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Angiotensin-(1-9) [Ang-(1-9)] is a peptide of the non-canonical renin-angiotensin system (RAS) synthesized from angiotensin I by the monopeptidase angiotensin-converting enzyme type 2 (ACE2). Using osmotic minipumps, infusion of Ang-(1-9) consistently reduces blood pressure in several rat hypertension models. In these animals, hypertension-induced end-organ damage is also decreased. Several pieces of evidence suggest that Ang-(1-9) is the endogenous ligand that binds and activates the type-2 angiotensin II receptor (AT2R). Activation of AT2R triggers different tissue-specific signaling pathways. This phenomenon could be explained by the ability of AT2R to form different heterodimers with other G protein-coupled receptors. Because of the antihypertensive and protective effects of AT2R activation by Ang-(1-9), associated with a short half-life of RAS peptides, several synthetic AT2R agonists have been synthesized and assayed. Some of them, particularly CGP42112, C21 and novokinin, have demonstrated antihypertensive properties. Only two synthetic AT2R agonists, C21 and LP2-3, have been tested in clinical trials, but none of them like an antihypertensive. Therefore, Ang-(1-9) is a promising antihypertensive drug that reduces hypertension-induced end-organ damage. However, further research is required to translate this finding successfully to the clinic. Copyright © 2022. Published by Elsevier Inc.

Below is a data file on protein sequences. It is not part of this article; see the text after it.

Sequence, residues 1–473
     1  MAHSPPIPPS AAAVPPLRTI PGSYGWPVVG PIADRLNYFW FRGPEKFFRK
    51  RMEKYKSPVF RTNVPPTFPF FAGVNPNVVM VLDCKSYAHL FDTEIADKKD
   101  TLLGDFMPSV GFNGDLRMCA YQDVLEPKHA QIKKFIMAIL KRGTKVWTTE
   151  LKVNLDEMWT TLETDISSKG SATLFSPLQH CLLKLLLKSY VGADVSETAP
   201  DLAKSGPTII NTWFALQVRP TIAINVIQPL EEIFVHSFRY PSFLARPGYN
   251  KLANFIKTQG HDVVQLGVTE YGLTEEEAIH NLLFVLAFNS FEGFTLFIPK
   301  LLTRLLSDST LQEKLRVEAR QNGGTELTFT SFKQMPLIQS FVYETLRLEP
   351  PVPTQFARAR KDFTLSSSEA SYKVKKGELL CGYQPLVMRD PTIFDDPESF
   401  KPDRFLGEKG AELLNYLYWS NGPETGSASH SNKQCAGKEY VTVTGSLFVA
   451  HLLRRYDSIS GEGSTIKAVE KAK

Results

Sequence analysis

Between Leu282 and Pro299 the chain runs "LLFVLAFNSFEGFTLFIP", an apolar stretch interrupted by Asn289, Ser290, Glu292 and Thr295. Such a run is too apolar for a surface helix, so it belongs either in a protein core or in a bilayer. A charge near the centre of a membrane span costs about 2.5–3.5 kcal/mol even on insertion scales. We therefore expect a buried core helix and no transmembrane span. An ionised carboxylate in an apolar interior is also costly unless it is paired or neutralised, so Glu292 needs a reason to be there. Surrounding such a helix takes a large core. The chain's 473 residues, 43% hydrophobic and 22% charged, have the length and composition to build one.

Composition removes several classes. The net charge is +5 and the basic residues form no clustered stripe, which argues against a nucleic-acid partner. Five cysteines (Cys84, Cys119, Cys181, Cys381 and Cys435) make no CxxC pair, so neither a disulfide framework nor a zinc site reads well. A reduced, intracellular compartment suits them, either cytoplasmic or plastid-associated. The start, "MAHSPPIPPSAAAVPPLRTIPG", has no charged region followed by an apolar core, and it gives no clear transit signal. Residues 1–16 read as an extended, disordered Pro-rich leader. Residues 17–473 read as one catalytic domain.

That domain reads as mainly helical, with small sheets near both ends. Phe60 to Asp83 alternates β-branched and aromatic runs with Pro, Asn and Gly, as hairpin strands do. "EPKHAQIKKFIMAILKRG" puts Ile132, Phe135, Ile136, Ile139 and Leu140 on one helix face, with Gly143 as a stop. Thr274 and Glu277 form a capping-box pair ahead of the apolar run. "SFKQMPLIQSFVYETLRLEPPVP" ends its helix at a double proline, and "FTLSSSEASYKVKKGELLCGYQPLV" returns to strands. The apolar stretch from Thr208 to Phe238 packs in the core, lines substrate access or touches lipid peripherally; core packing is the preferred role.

Ignacio Norambuena-Soto, Camila Lopez-Crisosto, Javiera Martinez-Bilbao, Carolina Hernandez-Fuentes, Valentina Parra, Sergio Lavandero, Mario Chiong. Angiotensin-(1-9) in hypertension. Biochemical pharmacology. 2022 Sep;203:115183

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PMID: 35870482

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